The New York City-based Committee to Protect Journalists (CPJ) has come out with a new report that deals with the challenges faced by cartoonists across the globe. In light of the attack on French satirical weekly Charlie Hebdo last January, a report of this nature is quite timely.
The report talks about specific cases in a handful of countries including Malaysia, Iran, Venezuela and Ecuador, among a few others. The report is succinctly written and short enough to be read in one sitting. Various cartoons of the cases in question have also been included.
From threats, to summary dismissal to imprisonment and more, cartoonists across the globe are coming under fire. Others, "have fled into exile or gone to ground." As noted in the report, cartoonist Kurt Westergaard still lives under police protection due to a cartoon (of the Prophet Muhammad) which first appeared in a Danish newspaper in 2005.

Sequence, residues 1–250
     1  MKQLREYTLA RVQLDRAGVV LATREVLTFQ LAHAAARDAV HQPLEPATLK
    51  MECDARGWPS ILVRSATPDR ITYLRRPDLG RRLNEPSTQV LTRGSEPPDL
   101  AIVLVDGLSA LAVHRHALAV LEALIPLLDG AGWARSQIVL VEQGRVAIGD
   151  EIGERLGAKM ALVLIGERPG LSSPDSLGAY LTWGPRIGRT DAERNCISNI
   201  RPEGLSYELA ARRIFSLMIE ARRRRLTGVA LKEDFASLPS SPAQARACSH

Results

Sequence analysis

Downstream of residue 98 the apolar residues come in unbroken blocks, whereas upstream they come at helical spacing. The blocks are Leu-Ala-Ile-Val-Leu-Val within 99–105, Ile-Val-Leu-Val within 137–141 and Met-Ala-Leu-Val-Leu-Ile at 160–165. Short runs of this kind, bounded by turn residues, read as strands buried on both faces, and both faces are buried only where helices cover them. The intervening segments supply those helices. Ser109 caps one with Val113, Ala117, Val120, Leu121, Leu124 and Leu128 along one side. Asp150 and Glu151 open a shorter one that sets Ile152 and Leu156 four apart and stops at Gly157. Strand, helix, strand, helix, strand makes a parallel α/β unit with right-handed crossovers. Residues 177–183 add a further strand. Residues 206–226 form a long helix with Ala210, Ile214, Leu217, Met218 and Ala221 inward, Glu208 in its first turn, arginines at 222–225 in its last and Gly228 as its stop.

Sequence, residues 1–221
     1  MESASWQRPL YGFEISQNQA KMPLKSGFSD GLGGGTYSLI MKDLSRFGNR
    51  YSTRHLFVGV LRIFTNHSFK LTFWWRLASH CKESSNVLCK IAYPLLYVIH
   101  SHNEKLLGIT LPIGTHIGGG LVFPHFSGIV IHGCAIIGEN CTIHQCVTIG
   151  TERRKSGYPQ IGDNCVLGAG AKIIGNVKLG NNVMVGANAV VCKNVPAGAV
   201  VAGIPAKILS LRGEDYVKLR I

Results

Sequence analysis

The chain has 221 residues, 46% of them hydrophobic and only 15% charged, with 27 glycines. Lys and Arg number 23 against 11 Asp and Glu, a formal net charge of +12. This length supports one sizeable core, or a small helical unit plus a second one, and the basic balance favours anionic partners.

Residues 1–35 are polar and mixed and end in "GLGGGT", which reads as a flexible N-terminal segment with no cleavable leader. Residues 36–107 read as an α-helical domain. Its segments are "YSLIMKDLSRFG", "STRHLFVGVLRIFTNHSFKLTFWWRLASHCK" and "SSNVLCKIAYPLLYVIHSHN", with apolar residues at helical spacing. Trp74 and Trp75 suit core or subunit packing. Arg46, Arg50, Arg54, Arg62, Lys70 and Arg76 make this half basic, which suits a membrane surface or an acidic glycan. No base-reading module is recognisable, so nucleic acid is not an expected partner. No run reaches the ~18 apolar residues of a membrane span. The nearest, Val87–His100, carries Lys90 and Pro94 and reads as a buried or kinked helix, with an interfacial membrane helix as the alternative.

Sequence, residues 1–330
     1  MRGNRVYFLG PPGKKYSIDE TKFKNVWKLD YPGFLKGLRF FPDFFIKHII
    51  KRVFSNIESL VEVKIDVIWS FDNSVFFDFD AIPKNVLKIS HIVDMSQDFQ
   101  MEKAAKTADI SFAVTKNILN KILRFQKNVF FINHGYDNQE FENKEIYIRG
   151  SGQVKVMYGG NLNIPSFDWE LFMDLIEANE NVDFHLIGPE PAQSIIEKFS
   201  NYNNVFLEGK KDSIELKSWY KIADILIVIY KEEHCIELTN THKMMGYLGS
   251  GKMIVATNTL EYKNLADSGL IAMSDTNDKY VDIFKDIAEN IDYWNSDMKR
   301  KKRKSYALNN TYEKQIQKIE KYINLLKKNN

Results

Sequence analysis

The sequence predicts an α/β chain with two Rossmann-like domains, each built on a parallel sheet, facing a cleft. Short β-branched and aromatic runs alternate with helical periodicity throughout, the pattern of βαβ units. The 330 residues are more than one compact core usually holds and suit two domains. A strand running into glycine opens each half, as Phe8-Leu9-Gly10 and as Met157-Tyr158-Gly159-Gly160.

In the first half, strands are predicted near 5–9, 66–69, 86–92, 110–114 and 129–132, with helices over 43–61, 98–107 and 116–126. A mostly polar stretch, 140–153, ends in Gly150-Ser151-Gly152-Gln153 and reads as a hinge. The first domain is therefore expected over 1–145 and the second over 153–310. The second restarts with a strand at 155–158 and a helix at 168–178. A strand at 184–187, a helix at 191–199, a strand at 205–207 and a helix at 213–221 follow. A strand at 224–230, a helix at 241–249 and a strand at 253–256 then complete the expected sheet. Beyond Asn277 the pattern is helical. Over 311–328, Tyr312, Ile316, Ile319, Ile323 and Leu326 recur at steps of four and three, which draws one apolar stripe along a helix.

The outset of the report reminds readers of the diverse struggles associated with the profession.
But with the ability of their work to transcend borders and languages, and to simplify complex political situations, the threats faced by cartoonists around the world -- who are being imprisoned, forced into hiding, threatened with legal action or killed -- far exceed Islamic extremism.
As with journalists and media freedom issues more generally, cartoonists are facing a myriad of difficulties in an array of locales. This is a significant issue that deserves more attention.